TerraSeeds training manager Wang Bin Ni was interviewed and said that even if the Fed does not cut interest rates in 2023, interest rates will not rise as rapidly as they did in 2022.
"Singapore's bank stocks have stable dividends, good asset quality, and institutional investors usually maintain a certain degree of exposure. In addition, when interest rates begin to stabilize, local REITs are also relatively attractive to institutional investors."
Wang believes that trust-related entities such as Mapletree and Keppel are options that investors can pay attention to. The loosening of border controls in China and hotel trusts are also worth monitoring.
This article is intended for general circulation and educational purpose only and does not take into account of the specific investment objectives, financial situation or particular needs of any particular person. You should seek advice from a financial adviser regarding the suitability of the investment products mentioned. In the event you choose not to seek advice from a financial adviser, you should consider whether the investment product in question is suitable for you.
Past performance figures as well as any projection or forecast used in this article, are not necessarily indicative of future performance of any investment products. Your investment is subject to investment risk, including loss of income and capital invested. The value of the investment products and the income from them may fall or rise. No warranty whatsoever is given and no liability whatsoever is accepted for any loss arising whether directly or indirectly as a result of this article. Overseas investments carry additional financial, regulatory and legal risks, you should do the necessary checks and research on the investment beforehand.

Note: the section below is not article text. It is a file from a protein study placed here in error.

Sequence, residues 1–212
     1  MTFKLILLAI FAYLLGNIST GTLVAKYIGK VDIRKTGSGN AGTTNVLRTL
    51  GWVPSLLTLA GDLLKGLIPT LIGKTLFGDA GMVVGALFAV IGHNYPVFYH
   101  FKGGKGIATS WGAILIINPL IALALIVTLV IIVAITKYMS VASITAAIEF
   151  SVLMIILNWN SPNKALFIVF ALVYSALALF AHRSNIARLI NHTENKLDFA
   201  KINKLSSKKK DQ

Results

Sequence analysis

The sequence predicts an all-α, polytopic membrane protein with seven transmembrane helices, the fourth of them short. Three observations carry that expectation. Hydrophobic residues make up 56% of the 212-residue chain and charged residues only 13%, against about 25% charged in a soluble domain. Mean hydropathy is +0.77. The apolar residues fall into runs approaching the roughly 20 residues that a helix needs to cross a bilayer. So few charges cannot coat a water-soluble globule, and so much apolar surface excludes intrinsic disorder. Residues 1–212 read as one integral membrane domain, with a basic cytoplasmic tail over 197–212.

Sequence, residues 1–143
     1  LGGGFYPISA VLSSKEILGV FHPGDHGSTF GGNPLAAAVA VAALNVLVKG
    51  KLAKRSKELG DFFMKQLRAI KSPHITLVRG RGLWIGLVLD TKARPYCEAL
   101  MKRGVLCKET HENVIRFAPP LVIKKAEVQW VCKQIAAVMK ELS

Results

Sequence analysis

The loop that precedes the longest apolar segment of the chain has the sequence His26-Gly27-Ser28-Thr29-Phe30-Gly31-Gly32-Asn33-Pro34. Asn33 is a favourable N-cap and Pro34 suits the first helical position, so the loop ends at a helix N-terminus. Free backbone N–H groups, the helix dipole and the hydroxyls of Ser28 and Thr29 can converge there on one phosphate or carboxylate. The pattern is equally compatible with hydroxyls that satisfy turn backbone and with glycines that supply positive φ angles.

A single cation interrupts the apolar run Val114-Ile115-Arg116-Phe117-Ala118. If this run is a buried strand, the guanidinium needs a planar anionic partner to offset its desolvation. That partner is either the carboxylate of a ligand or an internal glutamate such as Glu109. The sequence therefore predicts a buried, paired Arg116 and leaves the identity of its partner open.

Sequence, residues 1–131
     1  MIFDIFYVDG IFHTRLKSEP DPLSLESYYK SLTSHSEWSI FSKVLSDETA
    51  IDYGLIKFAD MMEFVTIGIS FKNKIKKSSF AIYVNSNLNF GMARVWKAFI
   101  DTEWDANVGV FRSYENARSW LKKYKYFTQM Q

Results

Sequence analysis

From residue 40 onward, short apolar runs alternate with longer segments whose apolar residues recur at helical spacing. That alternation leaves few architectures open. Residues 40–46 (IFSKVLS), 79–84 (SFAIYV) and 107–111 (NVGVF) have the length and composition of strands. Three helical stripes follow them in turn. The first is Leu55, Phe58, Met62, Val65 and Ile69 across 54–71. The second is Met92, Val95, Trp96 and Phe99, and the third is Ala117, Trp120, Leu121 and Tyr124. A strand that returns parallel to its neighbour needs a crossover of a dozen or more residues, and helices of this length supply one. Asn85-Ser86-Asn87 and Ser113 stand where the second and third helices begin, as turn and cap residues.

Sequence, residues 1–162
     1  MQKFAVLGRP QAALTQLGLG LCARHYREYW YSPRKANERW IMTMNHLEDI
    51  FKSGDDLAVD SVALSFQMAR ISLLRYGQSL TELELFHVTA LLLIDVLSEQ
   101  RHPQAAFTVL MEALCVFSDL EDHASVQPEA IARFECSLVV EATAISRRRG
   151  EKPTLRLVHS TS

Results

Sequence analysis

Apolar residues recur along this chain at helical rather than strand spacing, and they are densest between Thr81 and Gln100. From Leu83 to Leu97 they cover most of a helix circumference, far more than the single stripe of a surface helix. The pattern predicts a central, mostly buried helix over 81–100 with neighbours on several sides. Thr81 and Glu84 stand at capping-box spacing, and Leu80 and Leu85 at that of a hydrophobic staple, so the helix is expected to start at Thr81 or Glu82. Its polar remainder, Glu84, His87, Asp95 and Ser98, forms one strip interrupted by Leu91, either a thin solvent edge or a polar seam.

The information contained in this article has been obtained from public sources which the uSMART Securities (Singapore) Pte Ltd (“uSMART”) has no reason to believe are unreliable and any research, analysis, forecast, projections, expectations and opinion (collectively “Analysis”) contained in this article are based on such information and are expressions of belief only. uSMART has not verified this information and no representation or warranty, express or implied, is made that such information or Analysis is accurate, complete or verified or should be relied upon as such. Any such information or Analysis contained in this presentation is subject to change, and uSMART, its directors, officers or employees shall not have any responsibility for omission from this article and to maintain the information or Analysis made available or to supply any corrections, updates or releases in connection therewith. uSMART, its directors, officers or employees be liable for any or damages which you may suffer or incur as a result of relying upon anything stated or omitted from this article.
Views, opinions, and/or any strategies described in this article may not be suitable for all investors. Assessments, projections, estimates, opinions, views and strategies are subject to change without notice. This article may contain optimistic statements regarding future events or performance of the market and investment products. You should make your own independent assessment of the relevance, accuracy, and adequacy of the information contained in this article. Any reference to or discussion of investment products in this article is purely for illustrative purposes only, is not intended to constitute legal, tax, or investment advice of any investment products, and must not be construed as a recommendation, an offer or solicitation for the subscription, purchase or sale of the investment products mentioned. This article does not create any legally binding obligations on uSMART. uSMART, its directors, connected persons, officers or employees may from time to time have an interest in the investment products mentioned in this article.